To flee slavery, a woman disguised herself as a white guy and traveled to Liverpool.

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To flee slavery, a woman disguised herself as a white guy and traveled to Liverpool.

Liverpool has a long history with the transatlantic slave trade.

Slavery provided much of the country’s early prosperity until it was outlawed in Britain in 1807.

Although the importation of slaves was forbidden in the same year in North America, it continued in nearly half of the US states until 1865.

After a £100,000 court case, anyone with a Ring doorbell camera could face sanctions.

One black woman made a bold attempt to flee her captors by impersonating a white man and traveling thousands of miles in the hopes of finding asylum in Liverpool.

Ellen Craft, like many other enslaved people, was born when her mother was raped by the white guy who ‘owned’ her, according to Express online.

In 1846, she met William and began planning their voyage to freedom, which they would complete two years later.

Both Ellen and William were born into slavery in Georgia, in the south-eastern United States.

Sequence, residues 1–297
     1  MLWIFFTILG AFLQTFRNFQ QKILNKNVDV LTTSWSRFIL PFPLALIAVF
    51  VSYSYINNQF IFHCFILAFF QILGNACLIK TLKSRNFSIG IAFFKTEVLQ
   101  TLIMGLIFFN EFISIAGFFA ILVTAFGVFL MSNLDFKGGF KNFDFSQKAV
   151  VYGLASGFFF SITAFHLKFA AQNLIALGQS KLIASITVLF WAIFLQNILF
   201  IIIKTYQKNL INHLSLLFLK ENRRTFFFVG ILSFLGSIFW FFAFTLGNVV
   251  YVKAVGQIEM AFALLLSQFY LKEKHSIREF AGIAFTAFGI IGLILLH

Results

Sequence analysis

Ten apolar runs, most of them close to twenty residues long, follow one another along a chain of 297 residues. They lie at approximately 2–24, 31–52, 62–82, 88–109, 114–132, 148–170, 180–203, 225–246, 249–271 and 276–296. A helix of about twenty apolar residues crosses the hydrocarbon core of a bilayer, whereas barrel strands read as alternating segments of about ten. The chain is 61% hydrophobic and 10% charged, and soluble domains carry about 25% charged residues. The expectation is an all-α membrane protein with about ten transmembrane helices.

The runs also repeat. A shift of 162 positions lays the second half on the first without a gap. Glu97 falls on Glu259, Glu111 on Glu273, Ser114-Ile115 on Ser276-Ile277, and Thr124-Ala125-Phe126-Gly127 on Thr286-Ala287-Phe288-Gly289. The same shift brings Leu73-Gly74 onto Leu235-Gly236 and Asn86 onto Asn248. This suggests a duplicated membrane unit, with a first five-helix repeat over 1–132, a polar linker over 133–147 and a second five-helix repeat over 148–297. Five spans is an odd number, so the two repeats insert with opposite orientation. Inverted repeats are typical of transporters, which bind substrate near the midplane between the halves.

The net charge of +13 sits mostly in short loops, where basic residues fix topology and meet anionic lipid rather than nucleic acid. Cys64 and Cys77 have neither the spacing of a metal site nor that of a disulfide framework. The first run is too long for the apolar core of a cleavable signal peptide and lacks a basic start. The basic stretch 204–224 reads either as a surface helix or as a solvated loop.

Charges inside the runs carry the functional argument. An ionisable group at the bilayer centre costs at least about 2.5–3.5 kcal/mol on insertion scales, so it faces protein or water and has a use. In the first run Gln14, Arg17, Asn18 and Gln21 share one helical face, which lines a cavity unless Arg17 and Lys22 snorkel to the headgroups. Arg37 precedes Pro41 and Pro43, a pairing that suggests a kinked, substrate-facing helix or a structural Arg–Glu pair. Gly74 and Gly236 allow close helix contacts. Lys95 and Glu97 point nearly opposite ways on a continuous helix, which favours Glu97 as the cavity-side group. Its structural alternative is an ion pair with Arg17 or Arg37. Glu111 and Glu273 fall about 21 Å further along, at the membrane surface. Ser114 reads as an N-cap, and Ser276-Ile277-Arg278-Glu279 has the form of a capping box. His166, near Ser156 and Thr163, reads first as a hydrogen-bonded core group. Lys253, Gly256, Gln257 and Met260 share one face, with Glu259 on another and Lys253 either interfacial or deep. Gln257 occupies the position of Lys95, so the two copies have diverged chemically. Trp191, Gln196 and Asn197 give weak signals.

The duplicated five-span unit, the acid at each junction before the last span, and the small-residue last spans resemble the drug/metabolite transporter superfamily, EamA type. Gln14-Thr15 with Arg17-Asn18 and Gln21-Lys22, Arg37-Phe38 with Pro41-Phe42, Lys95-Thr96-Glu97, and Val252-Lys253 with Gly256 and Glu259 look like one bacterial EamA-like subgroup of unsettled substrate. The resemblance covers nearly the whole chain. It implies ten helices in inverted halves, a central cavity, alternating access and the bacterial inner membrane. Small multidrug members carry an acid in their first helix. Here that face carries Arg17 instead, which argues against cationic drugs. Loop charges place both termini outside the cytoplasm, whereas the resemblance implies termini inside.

Her fair skin helped her to blend in with the background, something the two took advantage of during their escape.

She pretended to be a crippled white man who was traveling a thousand miles north for treatment, and William pretended to be her servant.

Ellen pretended to be a wealthy man because it was not normal for women to travel with male slaves.

Surprisingly, their plan worked and they were able to flee.

They arrived in Philadelphia, where they were hailed by abolitionists who encouraged them to continue north.

In 1850, however, Congress established a statute allowing their former slave owners to deploy agents to abduct them and return them to Georgia.

The private agents dispatched to the north in search of the Crafts were unsuccessful and gave up.

Millard Fillmore, the president at the time, intervened and authorized the use of military force, if necessary, to force their return south.

They had chosen to cross the Atlantic by December 1850.

They crossed the border into Canada and boarded the Cambria, which was heading for Liverpool.

“It was not until we stepped ashore at Liverpool that we were free from every servile fear,” William later wrote in their memoir.

Ellen and William made their home in Ockham, Surrey, before relocating to Hammersmith, London.

They spent 19 years in England before returning to the United States. “The summary has come to an end.”

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